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Newbee on board

Dec 3, 2009 at 2:40 AM

First of all, a million thanks for a great and generous effort, obiwanjacobi!

I have just started my journey in the VST world. So I am still fumbling aroud to find a way into the code. I have transferred the two assemblies to my computer, and they build and run as they should. A good start in other wordss.

I am heading towards making a vst plugin that can take on any number of input channels, do some DSP and deliver audio to a different number of output channels. The DSP is quite CPU intensive. Most of the work will take place in separate threads, perhaps also in a separate dll. But it will be made such that it can deliver output in the same instance as it receives input. The plugin will initiate the DSP, feed it with input and capture processed data. Also, the DSP will have an extensive GUI. The plan is to use c# for the overall structure and GUI, and with unmanaged code through pointers. I have a dedicated DSP library that will do all the heavy work so I will keep most of the memory management and calculations outside the .net environment.

I am also thinking about making a simple vst host for this plugin. I need to have a complete understanding of the vst stream to get to where I want and it may come in handy for later steps.

Needless to say, your toolbox comes in very handy. It will probably save me months of work.

I have a  couple of startup questions though.

How and where do the vst host sample connect to a sound card?

The samples.delay plugin seems to modify just one word at a time. What about the rest of the buffer? Or do the inputs and output buffers have buffer length = 1?

And finally - given the task I'm at - can you give me a suggestion of a good approach? Which pieces should I bring to the puzzle in order to get a speedy start that also has a future?

Kind regards,

Bernt

Coordinator
Dec 3, 2009 at 8:21 AM

Thanx! Welcome on board, Bernt!

Well, it sounds to me that you have got it all figured out! ;-) Just remember that VST.NET Interop will change the GCSettings.LatenceMode temporarily during Process and Get/SetParameter calls. So its best to pre-allocate managed memory upfront (large allocations during LowLatency mode is "sub optimal" ;-). 

"How and where do the vst host sample connect to a sound card?"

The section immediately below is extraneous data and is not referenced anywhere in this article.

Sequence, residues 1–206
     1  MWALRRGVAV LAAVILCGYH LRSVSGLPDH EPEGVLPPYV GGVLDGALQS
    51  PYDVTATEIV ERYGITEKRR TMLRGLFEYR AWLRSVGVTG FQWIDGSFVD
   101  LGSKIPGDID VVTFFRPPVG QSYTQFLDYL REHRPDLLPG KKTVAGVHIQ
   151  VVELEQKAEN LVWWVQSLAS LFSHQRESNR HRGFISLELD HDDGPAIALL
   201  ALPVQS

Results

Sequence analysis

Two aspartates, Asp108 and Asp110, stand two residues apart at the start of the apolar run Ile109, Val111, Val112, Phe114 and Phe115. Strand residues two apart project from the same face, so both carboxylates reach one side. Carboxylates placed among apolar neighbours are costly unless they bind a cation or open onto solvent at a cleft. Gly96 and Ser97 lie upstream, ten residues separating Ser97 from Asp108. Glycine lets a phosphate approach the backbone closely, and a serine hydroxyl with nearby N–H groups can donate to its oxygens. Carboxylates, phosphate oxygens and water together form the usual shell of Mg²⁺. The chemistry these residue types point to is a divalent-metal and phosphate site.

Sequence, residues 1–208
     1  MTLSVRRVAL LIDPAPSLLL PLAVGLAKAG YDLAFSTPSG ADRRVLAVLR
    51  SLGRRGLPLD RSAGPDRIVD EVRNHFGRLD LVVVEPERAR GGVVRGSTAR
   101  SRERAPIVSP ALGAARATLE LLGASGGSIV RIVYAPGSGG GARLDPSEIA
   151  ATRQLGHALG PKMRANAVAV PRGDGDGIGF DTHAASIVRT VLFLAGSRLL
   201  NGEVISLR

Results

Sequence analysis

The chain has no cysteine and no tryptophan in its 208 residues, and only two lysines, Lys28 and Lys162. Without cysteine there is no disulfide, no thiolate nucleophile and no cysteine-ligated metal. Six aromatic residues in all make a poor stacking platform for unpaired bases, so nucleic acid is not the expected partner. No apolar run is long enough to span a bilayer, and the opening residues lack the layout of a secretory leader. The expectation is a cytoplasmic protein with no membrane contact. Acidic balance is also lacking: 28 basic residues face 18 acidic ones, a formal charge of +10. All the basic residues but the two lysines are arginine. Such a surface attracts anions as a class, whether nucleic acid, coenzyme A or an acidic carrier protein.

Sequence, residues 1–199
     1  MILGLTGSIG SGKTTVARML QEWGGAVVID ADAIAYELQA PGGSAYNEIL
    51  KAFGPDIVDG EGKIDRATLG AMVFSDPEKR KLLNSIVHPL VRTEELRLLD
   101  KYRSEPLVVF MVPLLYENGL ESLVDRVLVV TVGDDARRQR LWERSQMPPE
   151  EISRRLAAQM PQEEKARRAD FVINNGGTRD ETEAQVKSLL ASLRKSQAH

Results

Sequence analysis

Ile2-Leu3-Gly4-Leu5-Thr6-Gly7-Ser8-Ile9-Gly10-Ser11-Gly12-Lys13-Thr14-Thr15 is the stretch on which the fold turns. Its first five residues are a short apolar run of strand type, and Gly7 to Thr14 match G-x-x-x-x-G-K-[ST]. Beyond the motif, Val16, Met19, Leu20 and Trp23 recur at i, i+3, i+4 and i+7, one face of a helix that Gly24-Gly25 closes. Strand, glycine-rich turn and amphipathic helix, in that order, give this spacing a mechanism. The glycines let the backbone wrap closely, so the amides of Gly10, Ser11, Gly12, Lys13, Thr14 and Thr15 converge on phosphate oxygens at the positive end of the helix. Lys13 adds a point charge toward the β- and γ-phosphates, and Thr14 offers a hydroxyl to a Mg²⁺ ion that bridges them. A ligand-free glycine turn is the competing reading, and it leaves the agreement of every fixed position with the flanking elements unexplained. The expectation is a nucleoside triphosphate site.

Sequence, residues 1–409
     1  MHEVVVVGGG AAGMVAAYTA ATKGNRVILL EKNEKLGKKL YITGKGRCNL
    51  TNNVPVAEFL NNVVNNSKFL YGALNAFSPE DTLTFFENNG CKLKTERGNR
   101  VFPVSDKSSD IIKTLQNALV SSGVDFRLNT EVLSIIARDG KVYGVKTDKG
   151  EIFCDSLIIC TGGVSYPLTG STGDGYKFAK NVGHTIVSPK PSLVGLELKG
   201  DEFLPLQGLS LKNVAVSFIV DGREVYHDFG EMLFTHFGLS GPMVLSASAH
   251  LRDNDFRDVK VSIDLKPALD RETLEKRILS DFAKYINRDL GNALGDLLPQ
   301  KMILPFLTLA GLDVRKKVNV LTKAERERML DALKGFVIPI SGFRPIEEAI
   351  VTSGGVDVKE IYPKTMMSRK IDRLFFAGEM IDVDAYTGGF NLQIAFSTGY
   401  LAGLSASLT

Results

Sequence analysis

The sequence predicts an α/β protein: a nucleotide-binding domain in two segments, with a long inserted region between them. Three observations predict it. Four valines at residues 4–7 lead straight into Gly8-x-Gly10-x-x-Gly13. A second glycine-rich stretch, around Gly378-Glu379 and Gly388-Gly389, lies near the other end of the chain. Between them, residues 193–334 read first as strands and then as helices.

It doesn't. Checkout ASIO.NET on codeproject.com or NAudio here on codeplex. VST.NET only support the communication with the (managed/unmanaged) plugin. Thats it. All other aspects are specific to what kind of host you want to implement. It has a VstAudio(Precision)BufferManager class that will allocate unmanaged memory for the audio buffers (one allocation for all buffers) but thats about the only "extra".

"The samples.delay plugin seems to modify just one word at a time. What about the rest of the buffer? Or do the inputs and output buffers have buffer length = 1?"

Its just a delay (not a reverb) so it just add the delayed sound to the current sound playing on a per-sample-basis (and adds that sample to the end of the buffer).

"And finally - given the task I'm at - can you give me a suggestion of a good approach? Which pieces should I bring to the puzzle in order to get a speedy start that also has a future?"

Like I said: what you explained sounds like a good approach. Doing a variable number of input- and output channels can be tricky (I've heard - have no experience with it myself). Check out the UpdatePluginInfo method on the IVstHostCommandStub interface. Call that to update the underlying (AEffect) structure that contains the number of input and output channels. There is something in VST called VaraibleIO but VST.NET does not support that (yet ;-). Create an Issues and get people to vote for it if you want/need it.

Finally, check out this forum at KVRAudio. This is were most of the plugin gurus hang out. Any VST.NET specific questions you can ask here on this discussion list.

Good luck with your project.

Grtx, Marc